But if the "virtual class" is going to be a solution for educational problems in the Third World, who will pay? Technology after all is not cheap. She prefers to talk about the "myth" of the gap between First and Third World: "We use economic measures - production, consumption - but those measures are no longer totally relevant to the new commodity which is information.

    Information has not got the scarcity value that extracted fuels have. The developing world also has access to the global infobahn. She recalls a visit to an "absolutely poor neighbourhood" in Jakarta, Indonesia's capital, where there were signs on thatched roofs that proclaimed "Computer classes: Join the future". You can link with anywhere in the world if you have a laptop and a cellular phone. Technology costs are falling all the time. If there is a villain in the pages of In Search of the Virtual Class, it is commuting - conventional education's need for students and teachers to travel to classrooms "for a transaction called 'instruction'.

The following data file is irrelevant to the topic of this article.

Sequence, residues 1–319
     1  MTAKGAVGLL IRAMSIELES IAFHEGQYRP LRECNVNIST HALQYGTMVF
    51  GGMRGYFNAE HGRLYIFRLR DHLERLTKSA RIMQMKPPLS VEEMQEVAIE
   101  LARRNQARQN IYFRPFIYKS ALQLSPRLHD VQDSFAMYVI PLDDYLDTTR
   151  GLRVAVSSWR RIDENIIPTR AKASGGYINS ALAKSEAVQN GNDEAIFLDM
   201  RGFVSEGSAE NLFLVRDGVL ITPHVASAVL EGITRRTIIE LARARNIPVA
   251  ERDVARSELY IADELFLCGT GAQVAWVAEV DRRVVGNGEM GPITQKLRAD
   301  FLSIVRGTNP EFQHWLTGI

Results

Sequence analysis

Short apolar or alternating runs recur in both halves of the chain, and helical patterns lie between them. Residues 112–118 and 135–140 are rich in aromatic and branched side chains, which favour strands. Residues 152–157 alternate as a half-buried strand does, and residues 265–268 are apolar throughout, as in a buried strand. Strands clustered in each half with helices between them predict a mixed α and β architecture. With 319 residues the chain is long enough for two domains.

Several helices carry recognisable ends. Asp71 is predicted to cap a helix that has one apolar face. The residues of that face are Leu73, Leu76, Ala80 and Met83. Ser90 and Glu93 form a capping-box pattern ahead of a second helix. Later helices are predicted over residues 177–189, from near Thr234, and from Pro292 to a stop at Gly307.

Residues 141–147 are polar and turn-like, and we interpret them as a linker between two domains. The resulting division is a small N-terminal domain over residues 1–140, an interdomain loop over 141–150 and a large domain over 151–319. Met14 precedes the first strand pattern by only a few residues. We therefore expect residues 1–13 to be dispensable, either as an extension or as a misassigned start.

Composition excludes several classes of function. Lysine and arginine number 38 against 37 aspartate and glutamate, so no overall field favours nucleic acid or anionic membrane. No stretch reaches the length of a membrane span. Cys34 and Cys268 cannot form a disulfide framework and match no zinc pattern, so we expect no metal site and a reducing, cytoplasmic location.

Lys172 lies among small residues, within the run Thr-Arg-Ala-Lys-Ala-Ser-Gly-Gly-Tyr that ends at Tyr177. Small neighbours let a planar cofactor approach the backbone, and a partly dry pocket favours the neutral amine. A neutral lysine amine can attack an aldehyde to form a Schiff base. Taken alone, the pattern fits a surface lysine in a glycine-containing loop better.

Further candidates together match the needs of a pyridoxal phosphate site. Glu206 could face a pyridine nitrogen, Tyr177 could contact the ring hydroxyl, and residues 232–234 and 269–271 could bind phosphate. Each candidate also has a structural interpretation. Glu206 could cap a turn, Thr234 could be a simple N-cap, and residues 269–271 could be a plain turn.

Such transactions are, Tiffin and Rajasingham argue, "fundamentally inefficient" because "they involve an additional cost for the transport to bring the players together and for the upkeep of institutions". The growth of cities may have taken place alongside the development of efficient, fast transport systems, but "this growth has proved self-defeating by creating urban traffic congestion.

    Travelling to make transactions has become one of the problems of our time, and education is part of it". Rajasingham develops this theme. It's because there are just no opportunities in the countryside.

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    But now teleworking can bring different kinds of infrastructures which are not based on pollution and physical transportation. Closer family ties, community meeting places and so on. In the old system you had to attend school, and it was totally transport-based.